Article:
23 Jun 2023

Pike River investigation: Police say more remains found inside mine

8:00 pm on 23 June 2023

More human remains have been found inside Pike River Mine during the ongoing investigation into the explosion in 2010 which killed 29 men.

Detective Superintendent Darryl Sweeney said recent imaging from borehole drilling showed the remains of two or possibly three miners in the crib room area, although police were not able to identify them.

Watch Sweeney speaking here shortly:

"Previously, police have been able to narrow down the possibilities based on information about where the miners were working prior to the first explosion.

"Unfortunately, in this case, we're not able to do that."

Up to 12 remains have now been found.

"They may even be my boy," said Rowdy Durbridge, whose son Dan died in the explosion, when he learned of the discovery.

"The remains that have been seen are the fellas I worked with ... everyone knows 29 men died in that sh*thole of a mine but to know they have been seen is somehow different."

Durbridge said the recovery of images from inside the mine had been been haunting, but he felt reassured by the evidence showing the miners died quickly.

"I can take some heart in the fact that what's been seen confirms they fell where they stood and didn't spend days trapped in there alive like some people have tried to claim."

Anna Osborne, who lost her husband Milton in the mine, said the re-entry of Pike River and the subsequent investigation had returned some honour to New Zealand

"The effort that this government and now the police have put into getting back into Pike, and then investigating the trove of evidence that has produced, has gone a long way to putting right some of the injustices and lies Pike families have faced since that awful day in 2010."

Sweeney said the process had been extremely difficult for the families of the miners.

He said the the final boreholes had been drilled and the investigation would continue into what caused the mine explosion.

The Pike River Family Reference Group, which represents the majority of Pike River families, said the end of evidence gathering at Pike River Mine was another step towards justice.

Osborne said she was hopeful the police investigation would end in a prosecution.

"In my heart of hearts I believe it will be. I am confident it will end in accountability for those responsible."

Police announced in September 2022 they were reopening the borehole drilling operation as part of the criminal investigation into the explosion. Work began on 10 additional boreholes in late January.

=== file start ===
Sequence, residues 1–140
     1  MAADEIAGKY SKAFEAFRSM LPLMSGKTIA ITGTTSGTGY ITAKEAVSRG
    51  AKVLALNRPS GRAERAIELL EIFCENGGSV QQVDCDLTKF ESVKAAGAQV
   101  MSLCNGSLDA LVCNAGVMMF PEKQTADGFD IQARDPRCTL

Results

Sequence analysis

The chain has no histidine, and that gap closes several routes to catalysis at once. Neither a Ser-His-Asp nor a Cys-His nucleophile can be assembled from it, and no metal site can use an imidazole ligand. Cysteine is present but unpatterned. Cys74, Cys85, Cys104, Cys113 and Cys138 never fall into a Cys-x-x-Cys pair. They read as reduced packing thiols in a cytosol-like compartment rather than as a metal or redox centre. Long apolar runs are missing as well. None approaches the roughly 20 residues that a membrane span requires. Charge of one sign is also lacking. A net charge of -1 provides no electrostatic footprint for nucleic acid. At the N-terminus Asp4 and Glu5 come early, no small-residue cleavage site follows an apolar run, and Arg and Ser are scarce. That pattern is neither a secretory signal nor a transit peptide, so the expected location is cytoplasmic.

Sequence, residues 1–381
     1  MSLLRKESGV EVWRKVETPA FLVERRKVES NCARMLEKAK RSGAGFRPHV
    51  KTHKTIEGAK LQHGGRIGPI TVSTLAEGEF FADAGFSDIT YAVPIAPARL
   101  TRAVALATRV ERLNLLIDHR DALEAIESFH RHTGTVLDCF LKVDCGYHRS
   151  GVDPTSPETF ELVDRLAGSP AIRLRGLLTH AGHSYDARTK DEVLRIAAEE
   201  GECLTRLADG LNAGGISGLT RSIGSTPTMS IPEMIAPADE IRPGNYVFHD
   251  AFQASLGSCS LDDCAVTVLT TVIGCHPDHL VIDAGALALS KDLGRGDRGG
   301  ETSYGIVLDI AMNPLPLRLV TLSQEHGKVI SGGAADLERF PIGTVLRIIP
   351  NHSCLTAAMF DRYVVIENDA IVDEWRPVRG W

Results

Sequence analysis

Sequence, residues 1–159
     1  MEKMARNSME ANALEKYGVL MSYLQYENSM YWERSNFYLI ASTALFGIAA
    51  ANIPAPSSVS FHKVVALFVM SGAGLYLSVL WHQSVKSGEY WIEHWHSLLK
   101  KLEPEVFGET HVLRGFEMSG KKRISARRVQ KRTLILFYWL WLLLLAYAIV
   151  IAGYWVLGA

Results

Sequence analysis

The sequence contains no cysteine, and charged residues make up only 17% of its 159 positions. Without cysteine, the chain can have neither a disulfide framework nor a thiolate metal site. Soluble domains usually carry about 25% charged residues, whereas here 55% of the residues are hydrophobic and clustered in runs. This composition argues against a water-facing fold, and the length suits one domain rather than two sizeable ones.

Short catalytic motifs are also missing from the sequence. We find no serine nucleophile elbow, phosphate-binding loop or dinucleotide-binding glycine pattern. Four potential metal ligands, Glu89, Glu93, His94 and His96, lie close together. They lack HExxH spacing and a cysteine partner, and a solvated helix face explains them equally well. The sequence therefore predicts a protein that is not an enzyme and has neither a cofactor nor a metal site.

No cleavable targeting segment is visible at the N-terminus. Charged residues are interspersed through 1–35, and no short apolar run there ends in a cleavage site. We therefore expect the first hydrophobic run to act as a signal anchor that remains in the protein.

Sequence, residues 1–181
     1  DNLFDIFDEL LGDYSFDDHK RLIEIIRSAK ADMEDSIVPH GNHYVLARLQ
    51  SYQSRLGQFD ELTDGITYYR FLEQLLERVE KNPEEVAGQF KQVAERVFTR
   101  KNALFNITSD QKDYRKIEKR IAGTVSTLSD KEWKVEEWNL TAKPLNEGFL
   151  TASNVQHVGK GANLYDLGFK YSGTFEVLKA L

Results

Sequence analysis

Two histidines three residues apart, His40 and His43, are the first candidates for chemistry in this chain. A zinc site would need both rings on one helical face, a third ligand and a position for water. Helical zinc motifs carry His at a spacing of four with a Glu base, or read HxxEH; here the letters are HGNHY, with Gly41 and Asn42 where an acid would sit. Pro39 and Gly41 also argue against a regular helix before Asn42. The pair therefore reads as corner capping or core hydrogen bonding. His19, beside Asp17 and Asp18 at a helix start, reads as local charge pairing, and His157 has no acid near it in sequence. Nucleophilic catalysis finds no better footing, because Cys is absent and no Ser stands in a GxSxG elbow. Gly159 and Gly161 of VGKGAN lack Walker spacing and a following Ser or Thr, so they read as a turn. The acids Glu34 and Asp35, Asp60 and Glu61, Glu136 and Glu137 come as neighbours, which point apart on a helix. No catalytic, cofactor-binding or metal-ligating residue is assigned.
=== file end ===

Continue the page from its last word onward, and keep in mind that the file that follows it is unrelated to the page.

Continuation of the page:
In May, police said possible human remains had been identified from images inside the mine.

Sweeney said on previous occasions police had been able to narrow down the possibilities of who the men might be, based on information on where they were working before the first explosion.

In this instance, remains were found in a communal area towards the working part of the mine where they may have been taking a short break, which made it hard to identify who they were.

'Some decisions' on prosecution by end of year

All 10 boreholes have now been drilled, imaged, and resealed, Sweeney told media on Friday.

"In the imagery we've just taken in this final stage, we've located one of two of the missing drift runners, which were vehicles essentially used to transport the miners and materials underground.

"That drift runner was roughly the same area that the human remains were found."

He said the borehole programme was a unique and technically difficult, requiring innovation in order to forensically examine the site without entering it.

"We've built cameras that were probably unique worldwide for this kind of work."

He said images they had been able to gather indicated the deaths were an "instantaneous event".

Now the the borehole programme was complete police were focusing on other aspects of the investigation, including working through witness statements, facts and evidence, and working with various experts.

Police would engage a Crown solicitor and make an assessment on whether there will be a prosecution.

"I would like to think we'd be in a position by the end of the year to make some decisions."

The families of all 29 miners were notified of the discovery this week, he said.

"We recognise after all this time process is still really difficult for the families and we remain committed to keeping the families updated with activity and information that we receive during the investigation.

All equipment was removed from the remote West Coast site last week and a karakia was held on Monday.

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